Migrating to the First World: An Ode to Chester Missing

Mbabane, Swaziland | 26 November 2014
Bill Snaddon

The digital age is upon us.
I, for one, am happy about this – and not just because I have trouble telling the time on analogue clocks.
The whole ‘big hand’ and ‘little hand’ thing throws me off. My older brother thinks I might have a learning disability. Unfortunately for him he’s shorter and weaker than me.
When we were growing up he would give me a hard time about this so-called disability. (Which I have since diagnosed as a mild form of dyslexia.) Of course I knew he was joking around, but it bugged me.
Mum would tell me to “cool off” and “stop being so sensitive”. Just ignore him, she would say.
Easier said than done, mum.
You could see dad, on the other hand, quietly wanting me to take up the battle against my older brother. Dad’s always believed in healthy competition.
So, in retaliation, after my brother would go into another taunting tirade, I would simply pin him down and sit on his chest while delivering a painful nipple cripple. That usually shut him up.
Then, a few days later, off he would go again, looking up at the ticking hands on the clock, asking me what the time was and waiting for my bumbling answer.
So, yes, I welcome all things digital into this rapidly changing and exciting world.
Particularly the migration from analogue to digital television; otherwise known as the Great Migration Across the Border into the Land of Vision 2022 and Digitalisation, where everything is clear and we have countless quality channels to choose from. That’s the theory, anyway.
International agreements say that on 17 June 2015 analogue televisions (those old chunky ones which many of us still have) will no longer work, unless a digital-converter box is connected to it.
Think of it like an extreme makeover for your TV – same old curves just with a new layer of make up.
I don’t know why that made me think of politicians, but I was encouraged to hear the words of senior figures in the ICT ministry telling us that Swaziland is on track for the Great Migration into Planet Digital.
By June 17 we will all have crispy, clean screens beaming back at us.
This is great news; not that there’s anything wrong with Swazi TV, but a makeover is always welcome.
Senior officials have also mentioned the possibility of new television channels with new locally produced content.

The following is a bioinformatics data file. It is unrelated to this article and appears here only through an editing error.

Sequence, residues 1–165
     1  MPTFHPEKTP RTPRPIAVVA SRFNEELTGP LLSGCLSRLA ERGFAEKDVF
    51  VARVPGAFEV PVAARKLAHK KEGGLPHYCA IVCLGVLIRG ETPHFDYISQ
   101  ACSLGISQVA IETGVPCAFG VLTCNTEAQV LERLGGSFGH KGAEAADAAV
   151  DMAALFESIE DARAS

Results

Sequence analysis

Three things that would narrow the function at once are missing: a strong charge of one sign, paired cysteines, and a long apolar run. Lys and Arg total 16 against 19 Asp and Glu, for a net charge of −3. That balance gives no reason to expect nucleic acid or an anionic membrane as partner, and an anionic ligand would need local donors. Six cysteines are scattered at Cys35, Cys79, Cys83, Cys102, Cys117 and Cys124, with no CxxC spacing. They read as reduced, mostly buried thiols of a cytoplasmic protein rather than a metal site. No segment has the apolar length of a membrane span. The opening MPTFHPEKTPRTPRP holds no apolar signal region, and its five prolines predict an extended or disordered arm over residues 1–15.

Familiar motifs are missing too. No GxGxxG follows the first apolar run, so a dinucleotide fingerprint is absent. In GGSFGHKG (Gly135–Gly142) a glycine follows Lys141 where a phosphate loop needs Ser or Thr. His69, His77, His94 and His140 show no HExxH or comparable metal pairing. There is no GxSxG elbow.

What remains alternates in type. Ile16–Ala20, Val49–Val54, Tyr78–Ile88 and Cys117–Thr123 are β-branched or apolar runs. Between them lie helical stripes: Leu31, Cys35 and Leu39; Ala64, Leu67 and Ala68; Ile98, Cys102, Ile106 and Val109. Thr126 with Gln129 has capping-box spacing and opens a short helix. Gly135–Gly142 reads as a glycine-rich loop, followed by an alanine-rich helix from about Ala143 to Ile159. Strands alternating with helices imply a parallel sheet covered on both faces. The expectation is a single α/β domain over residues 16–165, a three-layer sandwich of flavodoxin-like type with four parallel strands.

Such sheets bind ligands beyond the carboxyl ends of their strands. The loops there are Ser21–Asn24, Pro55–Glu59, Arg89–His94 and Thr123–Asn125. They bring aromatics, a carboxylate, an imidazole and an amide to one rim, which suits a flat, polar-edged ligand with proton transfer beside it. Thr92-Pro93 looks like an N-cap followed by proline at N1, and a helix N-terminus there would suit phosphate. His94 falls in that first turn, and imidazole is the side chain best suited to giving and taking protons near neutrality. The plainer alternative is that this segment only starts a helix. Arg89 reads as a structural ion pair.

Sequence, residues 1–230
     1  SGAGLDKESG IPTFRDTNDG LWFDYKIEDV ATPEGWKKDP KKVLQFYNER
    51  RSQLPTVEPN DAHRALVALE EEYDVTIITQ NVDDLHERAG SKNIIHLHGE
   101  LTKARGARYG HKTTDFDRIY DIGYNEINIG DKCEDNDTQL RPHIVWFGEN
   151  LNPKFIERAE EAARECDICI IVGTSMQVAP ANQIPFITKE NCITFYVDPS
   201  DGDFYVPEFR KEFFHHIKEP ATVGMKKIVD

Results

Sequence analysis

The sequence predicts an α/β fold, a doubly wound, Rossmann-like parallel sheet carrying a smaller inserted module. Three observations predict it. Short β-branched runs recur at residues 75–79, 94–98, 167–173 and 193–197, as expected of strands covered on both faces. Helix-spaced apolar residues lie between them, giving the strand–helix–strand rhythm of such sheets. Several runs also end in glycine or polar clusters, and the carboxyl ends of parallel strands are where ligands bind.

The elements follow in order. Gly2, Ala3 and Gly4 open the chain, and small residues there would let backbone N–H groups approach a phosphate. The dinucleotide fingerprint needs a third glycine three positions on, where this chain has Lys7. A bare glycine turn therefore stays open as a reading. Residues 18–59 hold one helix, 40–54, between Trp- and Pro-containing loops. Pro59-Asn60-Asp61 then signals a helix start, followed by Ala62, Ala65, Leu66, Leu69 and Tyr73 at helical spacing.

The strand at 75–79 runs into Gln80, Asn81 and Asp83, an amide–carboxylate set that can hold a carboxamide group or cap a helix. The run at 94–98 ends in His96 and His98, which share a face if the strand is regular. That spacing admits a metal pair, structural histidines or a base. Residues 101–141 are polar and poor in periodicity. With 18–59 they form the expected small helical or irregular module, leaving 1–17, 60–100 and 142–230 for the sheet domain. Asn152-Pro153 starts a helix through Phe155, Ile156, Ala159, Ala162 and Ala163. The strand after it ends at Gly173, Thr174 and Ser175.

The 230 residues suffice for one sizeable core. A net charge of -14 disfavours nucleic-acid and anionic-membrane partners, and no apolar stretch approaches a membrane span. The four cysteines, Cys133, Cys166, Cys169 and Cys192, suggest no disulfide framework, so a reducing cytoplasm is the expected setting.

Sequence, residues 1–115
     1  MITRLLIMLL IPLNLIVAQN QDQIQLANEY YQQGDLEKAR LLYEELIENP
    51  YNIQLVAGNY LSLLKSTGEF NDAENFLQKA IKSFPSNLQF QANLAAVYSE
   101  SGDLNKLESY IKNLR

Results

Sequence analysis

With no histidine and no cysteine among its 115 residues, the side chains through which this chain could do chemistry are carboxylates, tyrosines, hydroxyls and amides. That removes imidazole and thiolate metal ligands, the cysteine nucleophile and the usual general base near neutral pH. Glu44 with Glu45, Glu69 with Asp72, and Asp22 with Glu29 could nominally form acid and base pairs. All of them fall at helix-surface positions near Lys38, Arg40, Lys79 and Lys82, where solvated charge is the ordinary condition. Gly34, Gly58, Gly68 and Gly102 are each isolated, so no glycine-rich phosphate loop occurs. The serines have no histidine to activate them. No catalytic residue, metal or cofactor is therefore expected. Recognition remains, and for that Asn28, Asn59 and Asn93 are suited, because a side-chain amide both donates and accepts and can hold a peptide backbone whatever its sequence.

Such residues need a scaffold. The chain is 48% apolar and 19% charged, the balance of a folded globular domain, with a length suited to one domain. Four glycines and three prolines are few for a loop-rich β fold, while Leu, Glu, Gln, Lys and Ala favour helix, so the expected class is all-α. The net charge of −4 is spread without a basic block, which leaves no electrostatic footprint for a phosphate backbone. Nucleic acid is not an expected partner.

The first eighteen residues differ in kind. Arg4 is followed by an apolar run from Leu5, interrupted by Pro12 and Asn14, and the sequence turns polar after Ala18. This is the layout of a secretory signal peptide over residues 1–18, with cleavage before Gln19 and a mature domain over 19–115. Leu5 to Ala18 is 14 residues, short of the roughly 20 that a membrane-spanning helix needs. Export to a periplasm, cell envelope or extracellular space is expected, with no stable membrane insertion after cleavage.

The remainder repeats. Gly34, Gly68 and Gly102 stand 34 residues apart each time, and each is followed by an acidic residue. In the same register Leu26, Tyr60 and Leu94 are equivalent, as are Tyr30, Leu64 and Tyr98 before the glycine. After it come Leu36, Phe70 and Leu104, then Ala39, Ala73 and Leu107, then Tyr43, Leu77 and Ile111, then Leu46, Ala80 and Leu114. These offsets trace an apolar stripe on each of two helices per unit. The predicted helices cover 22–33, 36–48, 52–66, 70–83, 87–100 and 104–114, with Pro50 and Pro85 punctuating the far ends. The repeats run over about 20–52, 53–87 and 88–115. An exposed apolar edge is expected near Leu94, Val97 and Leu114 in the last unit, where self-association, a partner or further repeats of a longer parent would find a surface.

All I will say is that I am looking forward to the Swazi version of Late Nite News with Loyiso Gola, which airs on South Africa’s independent TV station eNCA.
Perhaps, just as an idea, as part of the Great Migration, the ministry of ICT could foot the bill for making it easier for Swazi TV subscribers to receive stations on cable provider DStv?
It only seems fair after watching SA Idols Vincent Bones become the next big pop star in that big and noisy neighbour.
I know the local Swazi funny men (and women) are out there and waiting for their moment to jump into the late-night news slot. I truly can’t wait for the day when a Swazi news host pokes fun at the leader for stealing money.
I say this only because this is what’s happening next door in the Republic of South Africa, where president Jacob Zuma seems proficient at getting rewarded for (allegedly) chowing public money.
One of the characters in Loyiso Gola’s satirical news show, a puppet by the name of Chester Missing, also writes a column in SA’s Sunday newspaper City Press.
The great thing about Chester Missing is that he uses a mostly respectful form of ridicule to expose the hypocritical heart that beats in most leaders’ chest.
For instance, in his most recent column in City Press, when discussing the current democratic vitality in South Africa, the puppet-cum-writer Chester Missing says: “Instead of fixing our problems, we are arresting people who ask questions.”
Chester, the puppet, the comedian, has a way of turning a vague analogue situation into a clear and understandable digital moment. Long may he continue.

This column was originally published in the Times of Swaziland on 26 November 2014.

Migrating to the First World

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